We have improved our economic growth forecasts and expect increased economic output will be supportive of corrective fiscal measures. We view reducing fiscal deficits and the stock of debt as core to Zambia's rating trajectory, particularly as larger external debt maturities enter the forecast horizon through 2020. We expect an agreement with the International Monetary Fund (IMF) to be in place by year end (after repeated delays) and that this will act as a policy anchor. We note that, particularly between now and an IMF disbursement, higher copper prices--and an expected increase in copper output--are both supportive of not only higher growth but also of banking system liquidity, which in turn is a key source of government financing. Copper prices have risen by about 18 per cent in 2017 and core liquid assets in Zambia's banks by some 44 per cent over the same period. The central bank has continued to ease its policy rate and Zambia's currency, the kwacha, has remained on a slight appreciation path for some time now. As a result of these factors, the cost of debt for the government has also reduced. A related factor, given that inflation has fallen, is that foreign participation in the local bond market has increased by around 2.5 per cent of GDP over 2017, which is a helpful current account deficit financing item.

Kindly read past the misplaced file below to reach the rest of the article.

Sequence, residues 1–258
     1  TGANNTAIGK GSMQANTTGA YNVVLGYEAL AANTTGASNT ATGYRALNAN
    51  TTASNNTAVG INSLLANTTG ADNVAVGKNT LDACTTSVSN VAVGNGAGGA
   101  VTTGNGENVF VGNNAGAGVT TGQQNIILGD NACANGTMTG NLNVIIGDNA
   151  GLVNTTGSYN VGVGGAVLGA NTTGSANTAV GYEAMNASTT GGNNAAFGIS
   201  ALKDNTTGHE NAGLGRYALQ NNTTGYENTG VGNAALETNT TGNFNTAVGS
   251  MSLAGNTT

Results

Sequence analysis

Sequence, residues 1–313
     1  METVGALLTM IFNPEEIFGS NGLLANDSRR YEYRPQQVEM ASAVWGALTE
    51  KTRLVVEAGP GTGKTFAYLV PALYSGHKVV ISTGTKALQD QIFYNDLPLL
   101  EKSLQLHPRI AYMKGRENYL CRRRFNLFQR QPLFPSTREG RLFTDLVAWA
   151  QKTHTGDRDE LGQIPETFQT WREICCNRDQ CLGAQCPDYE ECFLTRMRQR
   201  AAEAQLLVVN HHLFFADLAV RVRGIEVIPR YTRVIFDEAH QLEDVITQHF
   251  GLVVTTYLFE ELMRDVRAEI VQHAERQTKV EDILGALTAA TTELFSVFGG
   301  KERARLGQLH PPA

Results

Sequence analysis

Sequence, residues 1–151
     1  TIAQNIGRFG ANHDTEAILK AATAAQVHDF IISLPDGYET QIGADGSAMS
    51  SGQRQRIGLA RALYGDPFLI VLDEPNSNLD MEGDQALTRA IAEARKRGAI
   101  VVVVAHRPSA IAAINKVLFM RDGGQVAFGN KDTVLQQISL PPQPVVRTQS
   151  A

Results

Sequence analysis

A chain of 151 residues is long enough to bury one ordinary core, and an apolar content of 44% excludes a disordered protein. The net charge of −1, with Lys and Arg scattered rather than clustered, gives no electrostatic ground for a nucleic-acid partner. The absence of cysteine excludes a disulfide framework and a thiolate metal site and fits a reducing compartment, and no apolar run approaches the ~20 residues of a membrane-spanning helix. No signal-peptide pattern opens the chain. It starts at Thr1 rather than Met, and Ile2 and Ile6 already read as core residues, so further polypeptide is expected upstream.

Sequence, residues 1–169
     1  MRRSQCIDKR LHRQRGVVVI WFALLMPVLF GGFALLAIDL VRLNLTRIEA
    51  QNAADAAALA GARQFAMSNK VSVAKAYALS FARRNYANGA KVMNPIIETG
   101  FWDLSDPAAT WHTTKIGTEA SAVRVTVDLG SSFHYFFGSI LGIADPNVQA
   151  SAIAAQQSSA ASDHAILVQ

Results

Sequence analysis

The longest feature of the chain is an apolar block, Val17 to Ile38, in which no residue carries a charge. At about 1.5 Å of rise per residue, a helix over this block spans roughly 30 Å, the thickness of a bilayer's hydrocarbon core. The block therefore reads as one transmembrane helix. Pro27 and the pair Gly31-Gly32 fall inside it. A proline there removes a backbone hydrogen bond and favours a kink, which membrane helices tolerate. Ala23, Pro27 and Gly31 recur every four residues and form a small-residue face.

On the downside, the factors leading to anticipated higher growth are largely outside of the government's immediate control, leaving them vulnerable to calming demand for copper or unfavorable weather patterns. That said, the government has made efforts that are gradually diversifying the country's energy mix. We also note that discussions with the IMF have been ongoing for well over a year. A derailment of an expected agreement could dent confidence, reduce investment, and offset the positive factors. It could also risk the benefit to external finances of increased foreign participation in the government's local currency debt market.